U is for Undertow [NOOK Book]

Overview

Eyewitness testimony is notoriously unreliable. Even more so when Kinsey Millhone's only lead is a grown man dredging up a repressed childhood memory-of something that may never have happened...


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U is for Undertow

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Overview

Eyewitness testimony is notoriously unreliable. Even more so when Kinsey Millhone's only lead is a grown man dredging up a repressed childhood memory-of something that may never have happened...


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What People Are Saying

From the Publisher
"Makes me wish there were more than 26 letters at her disposal."
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Product Details

  • ISBN-13: 9781101151617
  • Publisher: Penguin Group (USA)
  • Publication date: 12/1/2009
  • Series: Kinsey Millhone Series , #21
  • Sold by: Penguin Group
  • Format: eBook
  • Pages: 384
  • Sales rank: 7,758
  • File size: 816 KB

Meet the Author

New York Times bestselling author Sue Grafton is published in 28 countries and 26 languages—including Estonian, Bulgarian, and Indonesian. Books in her alphabet series, begun in 1982, are international bestsellers with readership in the millions. And like Raymond Chandler, Ross Macdonald, Robert Parker, and John D. MacDonald—the best of her breed—Sue Grafton has earned new respect for the mystery form. Her readers appreciate her buoyant style, her eye for detail, her deft hand with character, her acute social observances, and her abundant storytelling talents.


Sue divides her time between Montecito, California and Louisville, Kentucky, where she was born and raised. She has three children and two grandchildren. Grafton has been married to Steve Humphrey for more than twenty years. She loves cats, gardens, and good cuisine.

Biography

Sue Grafton is published in 28 countries and 26 languages -- including Estonian, Bulgarian, and Indonesian. She's an international bestseller with a readership in the millions. She's a writer who believes in the form that she has chosen to mine: "The mystery novel offers a world in which justice is served. Maybe not in a court of law," she has said, "but people do get their just desserts." And like Raymond Chandler and Ross Macdonald, Robert Parker and the John D. MacDonald—the best of her breed—she has earned new respect for that form. Her readers appreciate her buoyant style, her eye for detail, her deft hand with character, her acute social observances, and her abundant storytelling talents.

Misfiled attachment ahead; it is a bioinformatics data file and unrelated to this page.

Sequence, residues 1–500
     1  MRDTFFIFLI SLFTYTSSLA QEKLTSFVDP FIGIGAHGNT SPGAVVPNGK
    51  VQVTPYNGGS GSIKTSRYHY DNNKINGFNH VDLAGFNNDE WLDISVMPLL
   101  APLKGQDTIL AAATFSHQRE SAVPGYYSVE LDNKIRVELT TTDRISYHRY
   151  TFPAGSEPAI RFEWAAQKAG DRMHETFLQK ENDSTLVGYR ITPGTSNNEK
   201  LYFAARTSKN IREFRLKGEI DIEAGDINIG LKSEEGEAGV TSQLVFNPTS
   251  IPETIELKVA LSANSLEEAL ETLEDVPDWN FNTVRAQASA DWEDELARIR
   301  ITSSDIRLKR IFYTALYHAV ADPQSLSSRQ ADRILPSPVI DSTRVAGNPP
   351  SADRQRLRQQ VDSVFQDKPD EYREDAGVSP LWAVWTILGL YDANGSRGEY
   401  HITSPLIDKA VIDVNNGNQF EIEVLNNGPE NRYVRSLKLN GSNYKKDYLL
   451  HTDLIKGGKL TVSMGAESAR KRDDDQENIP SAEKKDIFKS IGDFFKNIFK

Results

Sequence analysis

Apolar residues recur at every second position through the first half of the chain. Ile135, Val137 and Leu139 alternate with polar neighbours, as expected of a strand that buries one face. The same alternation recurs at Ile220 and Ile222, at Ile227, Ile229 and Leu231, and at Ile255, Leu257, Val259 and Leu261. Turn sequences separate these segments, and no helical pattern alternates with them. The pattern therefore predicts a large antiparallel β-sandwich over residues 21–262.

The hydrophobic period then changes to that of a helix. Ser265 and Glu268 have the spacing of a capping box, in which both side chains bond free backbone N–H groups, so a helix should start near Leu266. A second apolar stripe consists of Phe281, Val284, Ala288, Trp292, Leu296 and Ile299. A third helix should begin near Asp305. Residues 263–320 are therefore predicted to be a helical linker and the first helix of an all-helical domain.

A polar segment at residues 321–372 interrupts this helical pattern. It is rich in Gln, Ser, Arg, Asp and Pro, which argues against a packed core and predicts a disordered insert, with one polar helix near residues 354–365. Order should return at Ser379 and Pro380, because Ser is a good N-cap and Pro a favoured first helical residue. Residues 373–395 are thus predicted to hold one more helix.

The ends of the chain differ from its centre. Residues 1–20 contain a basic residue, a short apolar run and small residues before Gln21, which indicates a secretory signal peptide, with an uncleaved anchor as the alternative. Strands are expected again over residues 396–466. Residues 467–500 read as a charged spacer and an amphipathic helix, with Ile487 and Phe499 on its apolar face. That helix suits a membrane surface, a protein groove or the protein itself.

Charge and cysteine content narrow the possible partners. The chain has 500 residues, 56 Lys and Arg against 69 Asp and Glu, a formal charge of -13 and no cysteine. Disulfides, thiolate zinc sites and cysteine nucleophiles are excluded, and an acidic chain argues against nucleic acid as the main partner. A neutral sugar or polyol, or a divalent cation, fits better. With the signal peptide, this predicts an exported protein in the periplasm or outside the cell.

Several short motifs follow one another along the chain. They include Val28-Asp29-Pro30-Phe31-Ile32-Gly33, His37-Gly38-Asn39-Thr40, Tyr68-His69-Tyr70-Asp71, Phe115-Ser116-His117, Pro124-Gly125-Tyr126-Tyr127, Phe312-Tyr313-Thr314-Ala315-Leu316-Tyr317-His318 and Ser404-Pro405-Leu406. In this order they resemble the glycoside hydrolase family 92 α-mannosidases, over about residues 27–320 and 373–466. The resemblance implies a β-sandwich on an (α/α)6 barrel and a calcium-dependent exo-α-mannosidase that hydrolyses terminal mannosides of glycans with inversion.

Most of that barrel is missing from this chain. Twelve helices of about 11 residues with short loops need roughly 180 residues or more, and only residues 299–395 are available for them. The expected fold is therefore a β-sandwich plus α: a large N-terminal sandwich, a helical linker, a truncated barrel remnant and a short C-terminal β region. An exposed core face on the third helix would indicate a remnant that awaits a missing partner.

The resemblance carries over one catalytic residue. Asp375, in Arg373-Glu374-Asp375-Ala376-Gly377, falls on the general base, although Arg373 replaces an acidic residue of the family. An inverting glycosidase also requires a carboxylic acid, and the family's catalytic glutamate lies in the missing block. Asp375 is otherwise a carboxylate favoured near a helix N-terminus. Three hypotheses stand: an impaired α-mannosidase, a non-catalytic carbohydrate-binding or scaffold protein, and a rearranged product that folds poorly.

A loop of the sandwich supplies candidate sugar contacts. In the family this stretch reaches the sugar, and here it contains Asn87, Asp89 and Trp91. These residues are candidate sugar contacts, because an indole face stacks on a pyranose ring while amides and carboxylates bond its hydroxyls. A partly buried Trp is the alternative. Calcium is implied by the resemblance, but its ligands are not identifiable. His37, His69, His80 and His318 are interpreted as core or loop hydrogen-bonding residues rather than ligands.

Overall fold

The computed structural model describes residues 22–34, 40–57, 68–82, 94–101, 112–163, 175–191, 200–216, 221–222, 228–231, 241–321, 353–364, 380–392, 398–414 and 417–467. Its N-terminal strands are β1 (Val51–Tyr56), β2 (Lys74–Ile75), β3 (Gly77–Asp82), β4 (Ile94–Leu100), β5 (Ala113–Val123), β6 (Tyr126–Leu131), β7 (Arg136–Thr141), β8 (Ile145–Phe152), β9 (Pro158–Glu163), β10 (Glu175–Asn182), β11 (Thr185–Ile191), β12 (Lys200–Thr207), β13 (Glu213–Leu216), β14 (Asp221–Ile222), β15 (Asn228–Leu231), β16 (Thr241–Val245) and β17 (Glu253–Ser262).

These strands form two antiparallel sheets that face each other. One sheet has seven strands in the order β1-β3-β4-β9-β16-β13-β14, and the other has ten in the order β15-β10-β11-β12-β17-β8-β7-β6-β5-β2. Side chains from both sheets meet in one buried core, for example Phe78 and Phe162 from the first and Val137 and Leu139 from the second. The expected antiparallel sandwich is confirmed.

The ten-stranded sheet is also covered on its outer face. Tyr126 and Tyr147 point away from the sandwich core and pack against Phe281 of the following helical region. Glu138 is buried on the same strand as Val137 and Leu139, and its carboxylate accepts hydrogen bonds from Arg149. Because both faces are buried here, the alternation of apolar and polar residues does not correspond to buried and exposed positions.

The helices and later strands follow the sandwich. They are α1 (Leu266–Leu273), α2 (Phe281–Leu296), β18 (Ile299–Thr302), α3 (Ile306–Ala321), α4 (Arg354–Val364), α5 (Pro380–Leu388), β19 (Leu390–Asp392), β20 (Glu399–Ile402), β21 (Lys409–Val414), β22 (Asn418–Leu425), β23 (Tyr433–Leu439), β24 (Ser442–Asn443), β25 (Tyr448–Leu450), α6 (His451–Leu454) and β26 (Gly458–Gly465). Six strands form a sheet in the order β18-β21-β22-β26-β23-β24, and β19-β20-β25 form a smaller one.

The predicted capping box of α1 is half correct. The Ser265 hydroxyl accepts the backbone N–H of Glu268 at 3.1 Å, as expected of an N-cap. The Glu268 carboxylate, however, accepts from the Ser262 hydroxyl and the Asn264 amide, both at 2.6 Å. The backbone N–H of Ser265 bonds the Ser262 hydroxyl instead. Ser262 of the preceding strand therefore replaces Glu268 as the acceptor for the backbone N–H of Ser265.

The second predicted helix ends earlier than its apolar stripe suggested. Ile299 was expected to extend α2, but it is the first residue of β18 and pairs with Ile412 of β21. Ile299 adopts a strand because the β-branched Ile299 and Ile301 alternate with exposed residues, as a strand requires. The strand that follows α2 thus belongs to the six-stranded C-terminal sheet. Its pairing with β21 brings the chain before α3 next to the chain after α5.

But who is the real Sue Grafton? Many of her readers think she is simply a version of her character and alter ego Kinsey Millhone. Here are Kinsey's own words in the early pages of N Is for Noose:

"So there I was barreling down the highway in search of employment and not at all fussy about what kind of work I'd take. I wanted distraction. I wanted some money, escape, anything to keep my mind off the subject of Robert Deitz. I'm not good at good-byes. I've suffered way too many in my day and I don't like the sensation. On the other hand, I'm not that good at relationships. Get close to someone and the next thing you know, you've given them the power to wound, betray, irritate, abandon you, or bore you senseless. My general policy is to keep my distance, thus avoiding a lot of unruly emotion. In psychiatric circles, there are names for people like me."

Those are sentiments that hit home for Grafton's readers. And she has said that Kinsey is herself, only younger, smarter, and thinner. But are they an apt description of Kinsey's creator? Well, she's been married to Steve Humphrey for more than twenty years. She has three kids and two grandkids. She loves cats, gardens, and good cuisine—not quite the nature-hating, fast-food loving Millhone. So: readers and reviewers beware. Never assume the author is the character in the book. Sue, who has a home in Montecito, California ("Santa Theresa") and another in Louisville, the city in which she was born and raised, is only in her imagination Kinsey Millhone -- but what a splendid imagination it is.

Biography from author website

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    1. Hometown:
      Montecito, California and Louisville, Kentucky
    1. Date of Birth:
      April 24, 1940
    2. Place of Birth:
      Louisville, Kentucky
    1. Education:
      B.A. in English, University of Louisville, 1961
    2. Website:

Customer Reviews

Average Rating 4
( 619 )
Rating Distribution

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(232)

4 Star

(186)

3 Star

(114)

2 Star

(49)

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(38)

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See All Sort by: Showing 1 – 20 of 622 Customer Reviews
  • Posted December 10, 2009

    more from this reviewer

    I Also Recommend:

    U is for Undertow is one of Sue's Best!!

    U is for Undertow is Sue Grafton's 21st adventure starring the unsinkable Kinsey Millhone and it's one of her best. In this chapter of Kinsey's life and career she's faced with a 21year old unsolved crime that seems to lead to nothing but dead ends. And she's facing a family reunion with her long estranged family.